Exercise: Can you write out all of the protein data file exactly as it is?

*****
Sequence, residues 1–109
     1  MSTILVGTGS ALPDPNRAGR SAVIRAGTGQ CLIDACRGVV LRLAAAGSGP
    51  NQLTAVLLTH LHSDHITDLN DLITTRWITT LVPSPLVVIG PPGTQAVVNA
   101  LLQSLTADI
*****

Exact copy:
Sequence, residues 1–109
     1  MSTILVGTGS ALPDPNRAGR SAVIRAGTGQ CLIDACRGVV LRLAAAGSGP
    51  NQLTAVLLTH LHSDHITDLN DLITTRWITT LVPSPLVVIG PPGTQAVVNA
   101  LLQSLTADI